Include some broccoli with every warm plate you eat in a day, and your brain will turn into a SUPER brain.

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3. Walnuts

Walnuts are the best choice of all the nuts when it comes to improving cognitive function. They have the same benefits as every other nut, but walnuts also contain omega-3 fatty acids.[7]

Beside the improvement of heart health,[8] walnuts also provide a sharper memory (at least to women).[9]

Consuming walnuts also help slow mental decline[10] because of the Vitamin E that is found in walnuts.[11]

Next time you crave a snack, buy a bag of unroasted and unsalted walnuts. In the future, this will be the replacement of all unhealthy snacks like Twix.

Brain foods are not brain foods because they contain a lot of sugar. Brain foods usually consist of a high amount of vitamins and antioxidants. That’s how you can recognize them.

4. Green Tea

Some of us are coffee drinkers while others prefer tea. You don’t have to choose one or the other because both of them made it to the list (you’ll read later about coffee in number 11 of brain foods).

Green tea contains more than just caffeine; it contains L-theanine which essentially lowers the anxiety levels.[12] It also increases the levels of dopamine and alpha wave production (relaxation).

The lower levels of caffeine in green tea compared to coffee makes this a perfect brain function drink. Caffeine and L-theanine show synergistic effects that work best with the amount of caffeine found in green tea.[13]

People who drink green tea have proven that they have a more stable energy level and increased productivity compared to when they drink coffee. So, if you’re looking for brain foods that will enhance your productivity; green tea is the way to go.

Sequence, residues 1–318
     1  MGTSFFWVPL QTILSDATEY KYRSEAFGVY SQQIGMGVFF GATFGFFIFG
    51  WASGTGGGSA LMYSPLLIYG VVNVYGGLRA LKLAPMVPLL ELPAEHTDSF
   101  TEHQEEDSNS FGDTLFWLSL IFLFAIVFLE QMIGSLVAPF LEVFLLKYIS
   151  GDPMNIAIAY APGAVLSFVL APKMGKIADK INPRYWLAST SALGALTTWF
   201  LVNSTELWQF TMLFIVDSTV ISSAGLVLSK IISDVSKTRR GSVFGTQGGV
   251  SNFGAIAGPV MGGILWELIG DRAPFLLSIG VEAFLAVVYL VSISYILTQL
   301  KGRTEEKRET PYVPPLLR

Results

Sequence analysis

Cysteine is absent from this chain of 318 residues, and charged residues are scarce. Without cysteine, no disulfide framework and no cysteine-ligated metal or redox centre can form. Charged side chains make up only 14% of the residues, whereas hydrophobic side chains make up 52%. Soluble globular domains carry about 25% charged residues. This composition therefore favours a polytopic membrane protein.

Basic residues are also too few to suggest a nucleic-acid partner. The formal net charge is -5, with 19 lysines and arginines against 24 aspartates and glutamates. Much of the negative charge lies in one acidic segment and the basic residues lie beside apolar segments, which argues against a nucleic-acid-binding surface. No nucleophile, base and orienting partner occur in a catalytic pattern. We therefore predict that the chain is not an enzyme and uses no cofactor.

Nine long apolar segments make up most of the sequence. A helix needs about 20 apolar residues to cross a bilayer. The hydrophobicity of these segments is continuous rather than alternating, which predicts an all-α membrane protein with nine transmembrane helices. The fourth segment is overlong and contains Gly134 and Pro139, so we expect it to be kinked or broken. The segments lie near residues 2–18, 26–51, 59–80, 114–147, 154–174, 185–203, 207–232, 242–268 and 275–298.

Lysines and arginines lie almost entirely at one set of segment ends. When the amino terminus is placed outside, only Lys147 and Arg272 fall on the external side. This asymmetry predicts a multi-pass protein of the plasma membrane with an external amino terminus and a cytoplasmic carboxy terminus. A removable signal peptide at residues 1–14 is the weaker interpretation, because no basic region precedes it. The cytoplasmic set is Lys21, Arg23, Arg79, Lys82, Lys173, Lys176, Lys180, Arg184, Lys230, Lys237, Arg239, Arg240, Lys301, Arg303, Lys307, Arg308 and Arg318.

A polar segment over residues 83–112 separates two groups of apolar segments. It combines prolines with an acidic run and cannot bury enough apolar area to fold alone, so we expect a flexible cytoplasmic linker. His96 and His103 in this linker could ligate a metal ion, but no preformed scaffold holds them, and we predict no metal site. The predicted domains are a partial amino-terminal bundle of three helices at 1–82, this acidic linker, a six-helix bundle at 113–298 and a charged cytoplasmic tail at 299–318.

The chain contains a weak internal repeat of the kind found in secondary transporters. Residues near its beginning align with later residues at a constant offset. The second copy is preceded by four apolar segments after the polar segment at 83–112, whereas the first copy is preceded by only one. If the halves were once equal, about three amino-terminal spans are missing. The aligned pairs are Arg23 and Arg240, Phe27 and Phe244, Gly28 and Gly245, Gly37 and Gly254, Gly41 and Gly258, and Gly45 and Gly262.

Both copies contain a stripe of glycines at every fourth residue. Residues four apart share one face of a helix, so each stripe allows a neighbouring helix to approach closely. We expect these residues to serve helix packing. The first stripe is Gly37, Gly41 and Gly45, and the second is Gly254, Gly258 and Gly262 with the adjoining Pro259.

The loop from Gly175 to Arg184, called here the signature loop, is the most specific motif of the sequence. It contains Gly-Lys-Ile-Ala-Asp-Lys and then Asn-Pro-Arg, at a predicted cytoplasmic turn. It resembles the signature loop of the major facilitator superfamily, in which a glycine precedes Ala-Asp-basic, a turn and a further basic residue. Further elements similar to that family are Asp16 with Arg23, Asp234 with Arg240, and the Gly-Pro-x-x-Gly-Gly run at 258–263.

5. Oranges

Orange has a high amount of Vitamin C in it. One large orange is enough to fulfill 100% of your daily Vitamin C intake. Vitamin C has a lot of benefits:

  • Vitamin C reduces the risk of chronic diseases like heart disease[14]
  • It may help fight against high blood pressure[15]
  • Vitamin C boosts immunity by increasing the production of white blood cells[16]
  • The most important of all: high levels of Vitamin C are found to be related to the improvement of memory and thinking. People suffering from dementia has been shown to have low levels of Vitamin C.[17] This may mean that by consuming enough Vitamin C, you will be able to prevent dementia.[18]

To learn more about everything related to Vitamin C, read the following article: All You Need To Know About Vitamin C Benefits (and Recipes To Boost Your Daily Intake)

6. Avocados

Avocados fit very nicely in your salad, or you may even like it on toast.

Avocado is a source of healthy fats; monounsaturated fat. Monounsaturated fat is believed to contribute to healthy blood flow which in turn means a healthy brain.[19]

Besides that, avocados also lower blood pressure which will prevent a decrease in cognitive abilities.[20]

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Adding 1/4 or 1/2 avocado daily should do the trick and help your brain function as a superhero.

If you need practical ways to include avocado in your daily diet, check this out: 50+ Super Easy Avocado Recipes At Home Now

7. Coconut Oil